There is growing support for the pedagogical notion of meeting students where they are. The idea behind it is that evaluating what a student knows about the subject at hand and how they conceptualize it is a good starting point for advancing their knowledge on that subject. When it comes to information literacy (more an activity than a subject), this practice is especially important. Means of seeking information have changed drastically in the last few decades and instructional design has been shifting toward how to best teach students who grew up on the internet. The ways that those students innately search for and evaluate information is very different from that of a generation ago. To boot, because of the extreme specificity of the domain, music students are often left out of such conversations. And that’s where this internship comes in: how do college music students search for information?
The plan this semester is to conduct a research study and (hopefully) get it published. There is a logical and standard process to research studies, and we’ll mostly be following that. I’ll be working with Andrew Asher (IU’s assessment librarian) to guide the design of the study and conduct the analysis; Misti Shaw (Head, Public Services & Outreach at Cook Music Library) will be offering input on the content side. Along the way, I’ll be learning the ins and outs of research proposals, grant funding, IRB applications, recruiting participants, running interviews, and qualitative analysis.
- Preparation & design
- Review relevant literature and form research question(s)
- Envision the data to be collected (i.e. what pieces of information do we want to end up with?)
- Design a method to collect the data
- Build an instrument based on that method
- Determine the unit of analysis (who will be the subjects for the study?)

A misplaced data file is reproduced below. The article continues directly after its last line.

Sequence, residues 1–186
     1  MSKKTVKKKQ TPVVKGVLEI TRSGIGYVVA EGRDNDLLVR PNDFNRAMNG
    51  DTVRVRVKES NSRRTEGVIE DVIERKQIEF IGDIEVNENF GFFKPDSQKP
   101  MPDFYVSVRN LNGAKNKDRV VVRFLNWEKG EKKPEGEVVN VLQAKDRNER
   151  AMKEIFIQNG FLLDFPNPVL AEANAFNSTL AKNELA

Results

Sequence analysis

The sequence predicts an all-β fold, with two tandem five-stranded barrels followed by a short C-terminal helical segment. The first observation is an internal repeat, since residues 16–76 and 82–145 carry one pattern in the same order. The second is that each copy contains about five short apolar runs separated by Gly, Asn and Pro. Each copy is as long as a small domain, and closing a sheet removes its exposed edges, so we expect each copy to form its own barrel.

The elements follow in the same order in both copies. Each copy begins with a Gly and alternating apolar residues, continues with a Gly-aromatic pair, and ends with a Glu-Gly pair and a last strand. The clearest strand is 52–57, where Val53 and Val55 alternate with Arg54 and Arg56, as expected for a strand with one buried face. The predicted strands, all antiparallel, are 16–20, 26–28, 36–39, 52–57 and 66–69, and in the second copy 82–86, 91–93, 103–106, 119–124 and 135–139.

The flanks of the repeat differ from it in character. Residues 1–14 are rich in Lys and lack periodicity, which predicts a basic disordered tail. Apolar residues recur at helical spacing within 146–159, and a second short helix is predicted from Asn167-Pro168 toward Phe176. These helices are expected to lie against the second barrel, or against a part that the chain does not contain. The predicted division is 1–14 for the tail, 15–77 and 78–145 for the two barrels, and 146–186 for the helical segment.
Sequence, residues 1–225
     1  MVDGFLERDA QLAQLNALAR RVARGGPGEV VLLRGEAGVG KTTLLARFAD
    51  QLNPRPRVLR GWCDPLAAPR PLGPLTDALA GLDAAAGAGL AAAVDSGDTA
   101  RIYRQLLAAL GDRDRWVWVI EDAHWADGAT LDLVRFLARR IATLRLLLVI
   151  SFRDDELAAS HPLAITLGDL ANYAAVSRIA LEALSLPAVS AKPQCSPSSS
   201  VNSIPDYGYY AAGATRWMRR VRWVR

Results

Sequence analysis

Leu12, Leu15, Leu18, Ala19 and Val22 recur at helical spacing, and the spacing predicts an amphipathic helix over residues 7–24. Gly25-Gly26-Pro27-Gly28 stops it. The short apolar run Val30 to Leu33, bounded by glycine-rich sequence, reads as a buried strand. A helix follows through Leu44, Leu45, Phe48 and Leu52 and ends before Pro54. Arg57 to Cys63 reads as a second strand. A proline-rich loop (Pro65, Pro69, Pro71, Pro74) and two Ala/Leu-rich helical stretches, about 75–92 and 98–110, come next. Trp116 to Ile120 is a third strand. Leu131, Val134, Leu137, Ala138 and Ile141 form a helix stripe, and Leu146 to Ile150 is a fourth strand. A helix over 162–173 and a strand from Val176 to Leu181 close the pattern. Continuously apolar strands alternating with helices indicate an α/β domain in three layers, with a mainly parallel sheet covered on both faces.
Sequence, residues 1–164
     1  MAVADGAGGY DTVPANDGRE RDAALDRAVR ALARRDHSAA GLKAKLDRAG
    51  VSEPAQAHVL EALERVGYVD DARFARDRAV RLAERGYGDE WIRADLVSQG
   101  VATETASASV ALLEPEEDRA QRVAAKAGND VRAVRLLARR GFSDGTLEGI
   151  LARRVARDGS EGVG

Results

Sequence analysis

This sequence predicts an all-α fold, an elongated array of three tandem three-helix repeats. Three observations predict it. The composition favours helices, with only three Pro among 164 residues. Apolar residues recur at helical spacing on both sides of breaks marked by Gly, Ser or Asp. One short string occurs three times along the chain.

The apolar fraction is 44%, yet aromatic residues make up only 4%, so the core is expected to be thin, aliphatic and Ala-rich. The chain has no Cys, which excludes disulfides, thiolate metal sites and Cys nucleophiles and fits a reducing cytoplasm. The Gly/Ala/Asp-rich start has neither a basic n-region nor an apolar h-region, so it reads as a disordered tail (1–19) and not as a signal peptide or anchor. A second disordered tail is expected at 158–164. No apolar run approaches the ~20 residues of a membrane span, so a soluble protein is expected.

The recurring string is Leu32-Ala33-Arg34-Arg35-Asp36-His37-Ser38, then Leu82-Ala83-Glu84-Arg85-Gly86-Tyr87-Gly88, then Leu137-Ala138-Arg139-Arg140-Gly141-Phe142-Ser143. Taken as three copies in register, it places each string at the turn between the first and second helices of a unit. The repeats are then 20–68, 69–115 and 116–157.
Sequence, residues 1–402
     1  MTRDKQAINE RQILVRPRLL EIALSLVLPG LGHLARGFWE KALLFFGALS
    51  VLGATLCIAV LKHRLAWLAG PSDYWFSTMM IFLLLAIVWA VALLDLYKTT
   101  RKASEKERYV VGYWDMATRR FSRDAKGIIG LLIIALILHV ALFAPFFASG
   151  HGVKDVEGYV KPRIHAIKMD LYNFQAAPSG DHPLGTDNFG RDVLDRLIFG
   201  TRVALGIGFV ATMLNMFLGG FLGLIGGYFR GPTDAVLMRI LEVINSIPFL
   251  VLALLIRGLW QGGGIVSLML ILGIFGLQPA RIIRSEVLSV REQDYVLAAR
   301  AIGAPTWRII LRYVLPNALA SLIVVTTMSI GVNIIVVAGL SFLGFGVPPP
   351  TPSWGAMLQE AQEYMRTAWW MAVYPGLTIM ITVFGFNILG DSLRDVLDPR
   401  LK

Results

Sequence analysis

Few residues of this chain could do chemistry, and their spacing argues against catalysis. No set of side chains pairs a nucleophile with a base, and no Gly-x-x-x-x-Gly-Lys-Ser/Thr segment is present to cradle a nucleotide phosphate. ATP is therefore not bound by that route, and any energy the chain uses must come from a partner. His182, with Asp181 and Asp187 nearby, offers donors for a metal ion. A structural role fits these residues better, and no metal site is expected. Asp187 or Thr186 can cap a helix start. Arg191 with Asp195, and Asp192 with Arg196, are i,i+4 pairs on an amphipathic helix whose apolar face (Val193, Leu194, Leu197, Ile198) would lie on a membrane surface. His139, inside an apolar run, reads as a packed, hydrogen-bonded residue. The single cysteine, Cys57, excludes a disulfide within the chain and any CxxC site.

- Test drive the data collection instrument
- Is it understandable?
- Does it produce the usable data?
- Obtain IRB approval
- Recruiting messages
- Any data to be collected
- Protocol for subject interaction (what will be said, what will be asked, what/how will it be recorded)
- Form the sample
- Advertise the study in a way that will make the intended audience aware of it
- From the people that volunteer for the study, choose a sample that is balance and/or representative
- Collect the data
- Run the interviews and record them
- Audio recordings need to be transcribed for coding
- Analyze the data
- Transcriptions and summaries need to be coded
- Analyze codes and revise
- Find patterns in the codes and data
- Write it up
Some weeks will involve more time commitment than others – the data collection and analysis phases will be the most time consuming. Right now, Misti and I are testing and revising the interview protocols. Soon, Andrew and I will start on the IRB application and everything that goes along with that. Because of my work schedule, a lot of this work will be done remotely. I’m meeting with Andrew on Mondays to discuss what I’ve been working on and to set goals for what I need to accomplish next.